Symptoms of Each Phase of the Menstrual Cycle
Published July 3, 2022.
Being a woman is hard work. Between battling hormones, breakouts, bloating, cravings, and unexplained emotional breakdowns, we are also expected to carry on with everyday life as normal, even though we're actively bleeding for an entire week every month! Periods are, however, a natural way of life and something that all women experience. Without it, we would not be able to perform the miracle of childbirth and continue to produce future generations.
Each month, woman experience their menstrual cycle which usually extends over a 28-day period of time. Your menstrual cycle can begin around the ages of 11/12, known as menarche, and is experienced monthly from then on until the ages of 45-50.
During each period, a mature egg is released from the ovary (the ovaries alternate each month), travels along the fallopian tube, and enters the uterus. Inside the uterus is a soft lining called the endometrium, and this acts as a snuggly, warm blanket eagerly waiting for the egg to be fertilized by sperm and embed itself within it and begin the pregnancy cycle. When fertilization does not happen, a large part of the endometrium, along with blood and mucus, is then released by the body through the vagina, known as menstruation.
Menstruation can last between 3 and 7 days typically. The uterus is completely cleaned out during these days and is then ready to repeat the cycle again next month, and so it continues. It almost seems as though a woman's body is throwing a temper tantrum for not falling pregnant.
During each menstruation cycle, a period can be broken down into 4 specific stages:
- Menstrual Phase (Day 1-5)
- Follicular Phase (Day 1-13)
- Ovulation Phase (Day 14)
- Luteal Phase (Day 15-28)
During each phase, the body will experience changes and symptoms that can often be annoying, but also easily managed!
How Being Familiar With Each Menstrual Phase Can Help You
Being familiar with each of the above-mentioned menstrual cycle phases will help you to understand your body and the weekly changes that it is going through, as well as the symptoms you may be experiencing each week. This will also allow you to find ways to relieve those symptoms or be prepared for them!
Symptoms of the Menstrual Phase
This phase begins on day 1 of your cycle when blood is first released from the vagina and ends on day 5. During the menstrual phase, the hormone progesterone plunges, which causes the endometrium to shed.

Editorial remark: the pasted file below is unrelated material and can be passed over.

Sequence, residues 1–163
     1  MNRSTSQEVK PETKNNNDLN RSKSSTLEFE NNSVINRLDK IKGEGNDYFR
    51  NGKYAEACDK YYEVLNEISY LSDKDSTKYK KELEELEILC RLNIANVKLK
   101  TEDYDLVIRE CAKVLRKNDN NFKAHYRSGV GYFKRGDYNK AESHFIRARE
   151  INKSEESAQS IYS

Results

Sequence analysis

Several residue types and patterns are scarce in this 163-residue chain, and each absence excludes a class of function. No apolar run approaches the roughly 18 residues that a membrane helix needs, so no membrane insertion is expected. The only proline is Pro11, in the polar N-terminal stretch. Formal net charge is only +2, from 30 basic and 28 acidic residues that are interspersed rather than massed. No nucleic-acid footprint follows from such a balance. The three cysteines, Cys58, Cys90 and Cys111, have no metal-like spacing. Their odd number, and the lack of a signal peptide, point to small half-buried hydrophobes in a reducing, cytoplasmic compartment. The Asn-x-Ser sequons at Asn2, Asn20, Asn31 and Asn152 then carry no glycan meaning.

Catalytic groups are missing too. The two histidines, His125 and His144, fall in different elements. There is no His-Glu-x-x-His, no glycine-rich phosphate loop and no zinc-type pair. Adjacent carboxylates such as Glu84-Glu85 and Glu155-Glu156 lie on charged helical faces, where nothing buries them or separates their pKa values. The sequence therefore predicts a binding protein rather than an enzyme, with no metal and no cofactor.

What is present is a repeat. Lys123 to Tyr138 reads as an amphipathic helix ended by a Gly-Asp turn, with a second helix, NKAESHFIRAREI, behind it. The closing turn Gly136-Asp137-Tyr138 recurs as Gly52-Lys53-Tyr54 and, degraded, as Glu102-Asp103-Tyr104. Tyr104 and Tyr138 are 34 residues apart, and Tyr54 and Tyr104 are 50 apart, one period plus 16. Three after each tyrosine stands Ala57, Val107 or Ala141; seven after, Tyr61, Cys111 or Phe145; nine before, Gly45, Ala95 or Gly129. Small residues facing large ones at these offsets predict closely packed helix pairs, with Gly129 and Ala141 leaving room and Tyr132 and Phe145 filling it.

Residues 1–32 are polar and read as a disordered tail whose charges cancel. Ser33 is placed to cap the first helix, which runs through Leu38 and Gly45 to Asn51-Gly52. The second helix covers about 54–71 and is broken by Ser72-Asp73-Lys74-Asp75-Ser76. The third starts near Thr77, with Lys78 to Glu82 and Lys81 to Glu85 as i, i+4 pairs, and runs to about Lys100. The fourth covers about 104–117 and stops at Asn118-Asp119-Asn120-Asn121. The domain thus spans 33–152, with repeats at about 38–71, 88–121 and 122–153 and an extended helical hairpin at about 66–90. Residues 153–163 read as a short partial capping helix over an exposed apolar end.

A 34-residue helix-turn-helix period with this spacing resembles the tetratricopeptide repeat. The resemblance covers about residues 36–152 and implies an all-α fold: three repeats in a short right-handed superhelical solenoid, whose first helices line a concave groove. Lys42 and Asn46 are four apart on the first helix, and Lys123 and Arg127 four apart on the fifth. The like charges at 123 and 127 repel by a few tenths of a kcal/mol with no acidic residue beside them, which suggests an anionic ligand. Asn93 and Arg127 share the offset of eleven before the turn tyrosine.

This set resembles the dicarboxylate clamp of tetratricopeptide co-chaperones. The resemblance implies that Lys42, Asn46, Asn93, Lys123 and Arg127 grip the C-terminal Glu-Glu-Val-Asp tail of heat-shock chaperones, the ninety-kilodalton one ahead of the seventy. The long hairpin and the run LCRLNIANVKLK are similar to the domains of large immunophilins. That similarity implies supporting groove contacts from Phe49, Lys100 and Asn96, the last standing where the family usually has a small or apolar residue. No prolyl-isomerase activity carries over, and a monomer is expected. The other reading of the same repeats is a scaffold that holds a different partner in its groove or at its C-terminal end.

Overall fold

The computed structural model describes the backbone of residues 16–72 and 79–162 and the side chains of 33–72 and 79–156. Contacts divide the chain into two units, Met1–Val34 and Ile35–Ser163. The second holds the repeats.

About 10ml-80ml of blood can be lost during a period. When the endometrium is shed, the uterus contracts, which causes the lower abdominal or back pain known as period cramps. This first phase of menstruation will leave you feeling tired and withdrawn.
To ease the discomfort often experienced, it would be best to take time for yourself: rest, keep strenuous exercise to a low, have a hot bath, and consider avoiding major social events.
Symptoms of the Follicular Phase
This phase also begins on day 1 of bleeding; however, it continues way past the end of one's period. Once bleeding has stopped, the pituitary gland in the brain releases a hormone called follicle-stimulating hormone (FSI) which basically causes the follicles in your ovaries to mature—follicles are like little houses for the eggs that are released into the ovary once they mature, known as ovulation.
During this phase of the menstrual cycle, your estrogen and testosterone hormone levels are elevated, raising your energy and potentially improving your mood. This is a great time to solve problems, take on big ideas, or perform that strenuous exercise you put off during the menstruation phase!
Symptoms of the Ovulation Phase
This phase begins around day 14 of the cycle and is the exact moment when a mature egg is released from the follicle within the ovary. This mature egg is ready for fertilization. During this phase, you may feel even more energy and confidence than in the follicular phase. This is a great time for job interviews, date nights, or intense physical workouts.
Symptoms of the Luteal Phase
This is the last phase in the cycle and occurs from after ovulation (day 15) through to day 28. The mature egg is awaiting fertilization and due to the cycle coming to an end, the dreaded PMS symptoms will be experienced. These symptoms include cravings, moodiness, anxiety, breast tenderness, and bloating. It is a good idea to practice good self-care habits, such as eating healthy pain-relieving foods, spending time alone, or going for a relaxing massage. If the mature egg is not fertilized, it begins to break down which causes the endometrium to shed and this starts the cycle all over again.
Periods can be frustrating and a nuisance but they can be managed especially if we listen to our bodies and provide them with all the necessary tools to feel empowered and continue on with our superhero ways.
Suffering from intense period cramps? Consider taking birth control to treat PMS symptoms.